This week is World Well-being Week. It’s celebrated during the last week of June every year. This awareness week provides us with the opportunity to celebrate the many aspects of well-being, from meaningful, purposeful work in our communities to looking after our physical, mental, and emotional health.
For this year’s awareness week, we want to share some of our tips to improve your physical and mental well-being.
For healthy adults, in general, 60 minutes of moderate physical activity should be recommended at least three times per week (for example, brisk walking, gardening, or gentle swimming). Older adults aged 65+ should aim for 150 minutes of moderate aerobic activity every week, which works all the major muscles (legs, hips, back, abdomen, chest, shoulders, and arms).
Regular physical activity is one of the best things you can do for your physical and mental well-being; it improves your brain health, helps to manage your weight, reduces the risk of disease such as a heart attack, and strengthens your bones and muscles. According to the Centres for Disease Control and Prevention, few lifestyle choices have as large an impact on your health as physical activity.
2. Spending time with friends and family
One way to reduce feelings of loneliness, which can be a detriment to both our physical and mental health, is to spend time with friends and family. Spending time with loved ones can also reduce feelings of stress and anxiety, as well as being a source to turn to when we need to talk about our feelings and emotions.
Research conducted in 2022 by the Pew Research Centre reported that 9 out of 10 adults said spending time with family and friends provides them with a level of meaning and fulfilment.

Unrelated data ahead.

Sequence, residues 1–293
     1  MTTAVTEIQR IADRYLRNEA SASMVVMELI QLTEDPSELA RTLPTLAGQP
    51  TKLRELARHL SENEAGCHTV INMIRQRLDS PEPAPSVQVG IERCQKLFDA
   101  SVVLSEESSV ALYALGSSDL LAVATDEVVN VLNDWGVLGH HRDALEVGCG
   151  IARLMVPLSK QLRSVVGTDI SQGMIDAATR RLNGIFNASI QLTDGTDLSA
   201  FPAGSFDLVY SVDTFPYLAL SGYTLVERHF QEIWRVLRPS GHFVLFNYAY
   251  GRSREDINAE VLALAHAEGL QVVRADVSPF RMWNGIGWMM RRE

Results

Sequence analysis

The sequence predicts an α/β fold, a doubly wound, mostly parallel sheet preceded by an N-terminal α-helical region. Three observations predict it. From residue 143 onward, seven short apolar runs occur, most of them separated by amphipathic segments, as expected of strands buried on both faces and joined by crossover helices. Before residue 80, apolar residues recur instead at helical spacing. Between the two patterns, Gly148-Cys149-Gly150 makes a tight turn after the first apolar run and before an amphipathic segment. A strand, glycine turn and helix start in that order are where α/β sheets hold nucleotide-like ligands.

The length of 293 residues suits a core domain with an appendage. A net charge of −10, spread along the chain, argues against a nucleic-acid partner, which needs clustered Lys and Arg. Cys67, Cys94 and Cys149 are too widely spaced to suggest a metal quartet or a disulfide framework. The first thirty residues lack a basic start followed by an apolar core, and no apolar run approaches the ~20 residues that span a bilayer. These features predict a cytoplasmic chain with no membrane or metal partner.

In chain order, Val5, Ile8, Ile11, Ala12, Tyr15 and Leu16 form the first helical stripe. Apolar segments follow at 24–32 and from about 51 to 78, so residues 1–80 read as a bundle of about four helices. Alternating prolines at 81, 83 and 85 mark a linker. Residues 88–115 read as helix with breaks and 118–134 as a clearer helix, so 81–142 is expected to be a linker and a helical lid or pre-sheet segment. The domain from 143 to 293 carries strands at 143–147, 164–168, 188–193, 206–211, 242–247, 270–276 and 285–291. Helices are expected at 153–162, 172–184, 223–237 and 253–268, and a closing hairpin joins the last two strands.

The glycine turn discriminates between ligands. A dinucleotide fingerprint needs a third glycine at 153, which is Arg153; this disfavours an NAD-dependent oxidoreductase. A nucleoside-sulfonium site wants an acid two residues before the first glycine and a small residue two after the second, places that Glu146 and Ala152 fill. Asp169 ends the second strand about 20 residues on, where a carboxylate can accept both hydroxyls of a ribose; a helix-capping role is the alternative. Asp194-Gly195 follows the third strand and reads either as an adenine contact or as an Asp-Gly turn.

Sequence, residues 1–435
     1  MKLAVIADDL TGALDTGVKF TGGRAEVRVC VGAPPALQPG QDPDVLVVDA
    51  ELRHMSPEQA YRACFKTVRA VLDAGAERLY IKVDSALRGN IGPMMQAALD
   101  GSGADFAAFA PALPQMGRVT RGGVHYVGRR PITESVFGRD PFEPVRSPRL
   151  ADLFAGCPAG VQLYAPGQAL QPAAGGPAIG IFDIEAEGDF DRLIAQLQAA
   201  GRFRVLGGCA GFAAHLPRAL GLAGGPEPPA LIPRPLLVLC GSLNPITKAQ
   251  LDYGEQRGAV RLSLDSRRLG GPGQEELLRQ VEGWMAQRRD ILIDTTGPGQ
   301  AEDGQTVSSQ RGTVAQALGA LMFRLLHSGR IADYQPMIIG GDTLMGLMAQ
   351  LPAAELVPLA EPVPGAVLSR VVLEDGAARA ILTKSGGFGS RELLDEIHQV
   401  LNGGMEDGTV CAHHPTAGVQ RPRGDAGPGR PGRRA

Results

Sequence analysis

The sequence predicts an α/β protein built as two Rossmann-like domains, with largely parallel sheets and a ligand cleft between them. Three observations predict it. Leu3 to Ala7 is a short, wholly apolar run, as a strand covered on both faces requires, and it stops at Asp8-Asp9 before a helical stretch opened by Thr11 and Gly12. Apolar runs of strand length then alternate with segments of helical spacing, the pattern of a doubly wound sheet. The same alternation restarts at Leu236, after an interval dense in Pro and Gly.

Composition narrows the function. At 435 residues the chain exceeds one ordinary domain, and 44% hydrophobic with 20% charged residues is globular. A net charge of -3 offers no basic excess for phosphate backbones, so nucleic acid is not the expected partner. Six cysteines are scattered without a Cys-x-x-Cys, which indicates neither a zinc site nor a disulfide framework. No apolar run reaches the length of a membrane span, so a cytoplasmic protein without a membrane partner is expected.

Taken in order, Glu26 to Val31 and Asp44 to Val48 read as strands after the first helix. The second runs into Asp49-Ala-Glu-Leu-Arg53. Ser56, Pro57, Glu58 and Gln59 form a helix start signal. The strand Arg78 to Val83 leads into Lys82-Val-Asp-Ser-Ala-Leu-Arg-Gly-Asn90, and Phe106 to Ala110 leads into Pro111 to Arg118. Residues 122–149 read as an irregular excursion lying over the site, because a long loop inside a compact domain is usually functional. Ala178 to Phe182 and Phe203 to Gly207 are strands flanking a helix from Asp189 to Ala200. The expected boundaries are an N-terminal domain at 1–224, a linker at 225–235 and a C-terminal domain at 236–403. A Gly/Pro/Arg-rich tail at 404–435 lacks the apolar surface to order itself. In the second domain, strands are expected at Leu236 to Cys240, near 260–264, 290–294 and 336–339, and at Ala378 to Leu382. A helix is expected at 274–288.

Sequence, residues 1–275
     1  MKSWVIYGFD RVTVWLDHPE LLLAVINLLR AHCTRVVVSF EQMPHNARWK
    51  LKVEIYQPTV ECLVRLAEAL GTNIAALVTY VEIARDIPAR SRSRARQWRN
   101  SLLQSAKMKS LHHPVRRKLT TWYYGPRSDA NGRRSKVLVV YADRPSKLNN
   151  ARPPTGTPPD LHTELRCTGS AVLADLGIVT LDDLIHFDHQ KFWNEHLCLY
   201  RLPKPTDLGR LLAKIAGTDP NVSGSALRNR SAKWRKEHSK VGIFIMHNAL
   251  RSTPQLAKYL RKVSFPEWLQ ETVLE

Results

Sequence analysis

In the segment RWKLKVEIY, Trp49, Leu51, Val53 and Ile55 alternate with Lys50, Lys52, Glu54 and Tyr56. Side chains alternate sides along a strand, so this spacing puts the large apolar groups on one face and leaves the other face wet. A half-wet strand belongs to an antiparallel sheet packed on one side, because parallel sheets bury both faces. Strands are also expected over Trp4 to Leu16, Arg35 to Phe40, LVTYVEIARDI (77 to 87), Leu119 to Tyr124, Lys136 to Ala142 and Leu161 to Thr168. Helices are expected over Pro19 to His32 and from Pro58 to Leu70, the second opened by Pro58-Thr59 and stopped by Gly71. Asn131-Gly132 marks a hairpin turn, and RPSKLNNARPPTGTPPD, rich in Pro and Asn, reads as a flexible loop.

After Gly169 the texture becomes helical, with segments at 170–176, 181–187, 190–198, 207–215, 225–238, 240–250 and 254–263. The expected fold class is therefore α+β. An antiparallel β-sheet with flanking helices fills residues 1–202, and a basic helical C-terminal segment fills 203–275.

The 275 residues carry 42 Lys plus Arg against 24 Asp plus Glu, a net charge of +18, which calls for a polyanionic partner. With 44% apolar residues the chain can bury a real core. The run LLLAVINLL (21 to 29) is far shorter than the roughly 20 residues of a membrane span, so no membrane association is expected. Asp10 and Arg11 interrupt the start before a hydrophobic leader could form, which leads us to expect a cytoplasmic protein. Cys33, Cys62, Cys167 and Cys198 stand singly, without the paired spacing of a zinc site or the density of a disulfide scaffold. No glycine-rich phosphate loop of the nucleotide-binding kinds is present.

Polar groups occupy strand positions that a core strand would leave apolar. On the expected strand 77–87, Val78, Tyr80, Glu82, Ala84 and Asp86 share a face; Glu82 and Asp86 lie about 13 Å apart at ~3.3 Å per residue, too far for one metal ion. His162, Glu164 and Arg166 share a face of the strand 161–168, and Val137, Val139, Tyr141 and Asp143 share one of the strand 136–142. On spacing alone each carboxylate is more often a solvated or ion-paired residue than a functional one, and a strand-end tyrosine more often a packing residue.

3. Giving up unhealthy habits
Another way of benefiting our physical and mental well-being is by giving up unhealthy habits. For example, giving up smoking can reduce the chances of having a heart attack, improves blood circulation, has the potential to improve fertility, and reduces the chances of having a stroke. According to Public Health England, 83% of deaths from COPD are due to smoking.
Furthermore, a 2018 survey conducted by Health Survey for England showed nearly nine in ten English adults have at least one unhealthy habit. These included those who smoke, drink more than 14 units of alcohol per week, eat fewer than five portions of fruit and vegetables per day, or have low rates of physical activity.
4. Allowing time for ourselves and our hobbies/interests
When we allow time to focus on ourselves and our respective hobbies and interests, we are looking after our mental well-being. Research has shown that having a hobby is linked to lower levels of depression.
Hobbies could include sports and exercise, reading, gardening, or arts and crafts. You could also join a social group or society for shared interests. This could be supporting a sports team, joining a film or book club, or an online group or forum.
5. Taking part in a clinical trial
One way in which we can take an active role in our healthcare is by taking part in clinical research, and help doctors and researchers find new and improved treatment options. MAC Clinical Research is running clinical trials for a variety of health conditions, both physical and mental, as well as healthy volunteer clinical trials.
When you take part in a clinical trial, you’ll receive a full health check-up including checking your blood pressure, blood samples, and an ECG test, by our expert medical teams. By taking part in a MAC clinical trial, you can take an enormous sense of pride in the knowledge that you are helping to identify treatments that could benefit the lives of our future generations. Many of our clinical trials also offer reimbursement payments for your time and commitment, which can further help with financial well-being.
To find out more about MAC Clinical Research, our current studies, and how you can get involved, visit our current studies webpage.